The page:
Date of Submission


Document Type


Degree Name

Master of Science in Cellular and Molecular Biology


Biology and Environmental Sciences


Eva Sapi, Ph.D.


Biomarkers, Borrelia burgdorferi, Breast Cancer, TNBC


Biomarkers, Borrelia burgdorferi, Breast Neoplasms


Biochemical markers, Borrelia burgdorferi, Breast--Cancer--Research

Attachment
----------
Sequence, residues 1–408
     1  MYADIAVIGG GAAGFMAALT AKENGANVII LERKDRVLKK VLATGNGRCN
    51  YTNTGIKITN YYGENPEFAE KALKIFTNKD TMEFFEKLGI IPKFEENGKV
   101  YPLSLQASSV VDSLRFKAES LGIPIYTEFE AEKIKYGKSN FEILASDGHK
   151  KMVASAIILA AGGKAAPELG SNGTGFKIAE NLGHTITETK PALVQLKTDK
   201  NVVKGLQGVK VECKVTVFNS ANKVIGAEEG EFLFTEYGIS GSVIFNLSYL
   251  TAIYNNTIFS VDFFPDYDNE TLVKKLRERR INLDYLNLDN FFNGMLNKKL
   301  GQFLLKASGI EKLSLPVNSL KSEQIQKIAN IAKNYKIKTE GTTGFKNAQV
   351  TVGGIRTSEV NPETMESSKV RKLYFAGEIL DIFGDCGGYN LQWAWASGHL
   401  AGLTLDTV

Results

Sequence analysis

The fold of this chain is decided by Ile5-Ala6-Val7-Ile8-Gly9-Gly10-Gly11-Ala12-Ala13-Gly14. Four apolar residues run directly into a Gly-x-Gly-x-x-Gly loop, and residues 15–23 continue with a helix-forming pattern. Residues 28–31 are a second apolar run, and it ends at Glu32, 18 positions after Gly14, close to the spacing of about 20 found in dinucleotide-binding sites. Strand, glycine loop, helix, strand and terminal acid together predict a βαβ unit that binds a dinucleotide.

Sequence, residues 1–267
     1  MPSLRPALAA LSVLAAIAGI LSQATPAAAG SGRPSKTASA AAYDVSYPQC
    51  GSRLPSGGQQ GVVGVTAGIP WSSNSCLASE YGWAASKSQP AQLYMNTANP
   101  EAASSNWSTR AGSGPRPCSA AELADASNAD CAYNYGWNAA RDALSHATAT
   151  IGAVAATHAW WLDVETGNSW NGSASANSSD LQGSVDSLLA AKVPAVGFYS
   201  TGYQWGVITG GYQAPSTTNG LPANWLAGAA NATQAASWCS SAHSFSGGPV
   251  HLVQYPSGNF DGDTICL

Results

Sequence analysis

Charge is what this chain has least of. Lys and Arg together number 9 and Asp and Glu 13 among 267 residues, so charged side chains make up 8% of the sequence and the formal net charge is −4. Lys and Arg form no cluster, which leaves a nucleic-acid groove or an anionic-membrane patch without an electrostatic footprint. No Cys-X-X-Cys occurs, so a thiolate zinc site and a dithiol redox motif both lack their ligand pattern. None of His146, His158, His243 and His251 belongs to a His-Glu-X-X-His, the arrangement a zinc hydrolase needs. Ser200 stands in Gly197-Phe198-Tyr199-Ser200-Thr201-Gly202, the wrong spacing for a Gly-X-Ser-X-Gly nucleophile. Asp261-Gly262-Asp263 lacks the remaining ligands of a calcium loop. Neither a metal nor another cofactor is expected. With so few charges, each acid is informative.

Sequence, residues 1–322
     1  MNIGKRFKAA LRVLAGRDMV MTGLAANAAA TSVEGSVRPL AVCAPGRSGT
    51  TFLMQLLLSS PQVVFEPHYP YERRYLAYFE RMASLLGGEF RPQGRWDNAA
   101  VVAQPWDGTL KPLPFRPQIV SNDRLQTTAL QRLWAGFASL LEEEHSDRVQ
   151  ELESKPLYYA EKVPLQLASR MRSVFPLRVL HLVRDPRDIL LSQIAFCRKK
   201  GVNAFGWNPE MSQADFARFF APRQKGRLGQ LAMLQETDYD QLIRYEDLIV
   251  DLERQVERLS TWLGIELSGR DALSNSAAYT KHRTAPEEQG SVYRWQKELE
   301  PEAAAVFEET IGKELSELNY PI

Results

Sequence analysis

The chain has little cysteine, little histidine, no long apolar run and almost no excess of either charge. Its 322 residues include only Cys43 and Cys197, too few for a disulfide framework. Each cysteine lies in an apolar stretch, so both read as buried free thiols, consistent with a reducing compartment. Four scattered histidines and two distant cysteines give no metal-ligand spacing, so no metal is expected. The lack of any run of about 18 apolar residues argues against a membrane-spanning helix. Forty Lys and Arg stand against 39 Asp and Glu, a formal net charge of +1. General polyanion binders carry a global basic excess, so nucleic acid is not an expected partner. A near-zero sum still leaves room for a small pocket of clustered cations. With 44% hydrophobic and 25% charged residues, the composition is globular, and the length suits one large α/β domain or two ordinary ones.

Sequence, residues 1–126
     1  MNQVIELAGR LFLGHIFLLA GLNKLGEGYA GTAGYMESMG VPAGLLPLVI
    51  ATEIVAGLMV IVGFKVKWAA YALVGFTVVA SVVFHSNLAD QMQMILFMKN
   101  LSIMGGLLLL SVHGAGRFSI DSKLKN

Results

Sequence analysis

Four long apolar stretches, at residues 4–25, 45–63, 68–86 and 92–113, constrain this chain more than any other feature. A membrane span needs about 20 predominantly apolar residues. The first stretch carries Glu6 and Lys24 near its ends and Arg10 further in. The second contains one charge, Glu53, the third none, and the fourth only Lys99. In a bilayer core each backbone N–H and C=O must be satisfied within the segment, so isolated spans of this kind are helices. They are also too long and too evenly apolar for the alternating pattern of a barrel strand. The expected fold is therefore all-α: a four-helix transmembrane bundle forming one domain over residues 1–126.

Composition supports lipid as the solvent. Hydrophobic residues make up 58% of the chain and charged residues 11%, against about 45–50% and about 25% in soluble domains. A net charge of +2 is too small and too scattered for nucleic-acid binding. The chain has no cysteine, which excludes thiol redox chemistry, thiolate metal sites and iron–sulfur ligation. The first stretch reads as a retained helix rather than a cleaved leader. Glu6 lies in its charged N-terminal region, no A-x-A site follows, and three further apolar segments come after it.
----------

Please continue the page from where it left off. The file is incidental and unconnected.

Triple-negative breast cancer (TNBC) is an aggressive subtype of breast cancer with limited treatment options and a poor prognosis. Although some studies have attempted to identify new biomarkers and therapies, only a few have shown promise in clinical trials. In the context of cancer development, infectious agents rank as the third major risk factor, contributing to approximately 15-20% of cancer cases, according to the American Cancer Society. Hence, the identification of biomarkers associated with infection-originated cancer is crucial for enhancing cancer prevention, early detection, diagnosis, and treatment. Borrelia burgdorferi, the causative agent of Lyme disease, has been linked to TNBC and its aggressive characteristics. Therefore, investigating prognostic or diagnostic markers in B. burgdorferi-infected TNBC cells holds great potential for shedding light on the mechanisms underlying this complex association. In this study, we employed RNA-Sequencing (RNA-Seq) technology to examine changes in gene expression induced by B. burgdorferi infection in TNBC cell line MDA-MB-231 and a normal breast epithelial cell line (MCF10A). Our analysis identified common biomarkers, including CXCL-1, CXCL-8, C3, PTGS2 (COX2), and SAA1, in B. burgdorferi -infected TNBC cells. The genes identified for MCF10A included members of the CXCL family (CXCL10, CXCL8, CXCL3, and CXCL2), CCL20, and IFIT1. Furthermore, pathway analysis using KEGG and REACTOME databases revealed the involvement of the IL-4, 10, 13 & 17 signaling, TNF, NOD like receptor, TLR, NF-kB and Chemokine-signaling pathways. The most enriched signaling pathways in MCF10A included the IL-10 & 17, chemokine, cytokine and TNF signaling pathways. Common infectious diseases pathway associated in TNBC cells included COVID-19, Legionellosis, Prion disease, Influenza-A, Pertussis, Measles, Kaposi-sarcoma-associated herpesvirus, and Chagas disease, among others with several of the above identified genes in 7 function. The most common infectious disease associated pathways in MCF10A cells included Amoebiasis, Legionellosis, Hepatitis-C and Influenza-A. There were common metabolic pathways observed for MCF10A from the KEGG and REACTOME servers which include fatty acid metabolism, glycolipid metabolism and steroid metabolism. Also, certain biosynthesis pathways such as steroid and terpenoid backbone biosynthesis pathways were observed common from the KEGG and REACTOME servers for MCF10A.These findings highlight the significance of exploring these potential biomarkers as therapeutic targets in B. burgdorferi -associated TNBC. Our study provides a promising starting point for future research endeavors aimed at improving diagnostic and treatment strategies for this challenging infection-associated cancer subtype.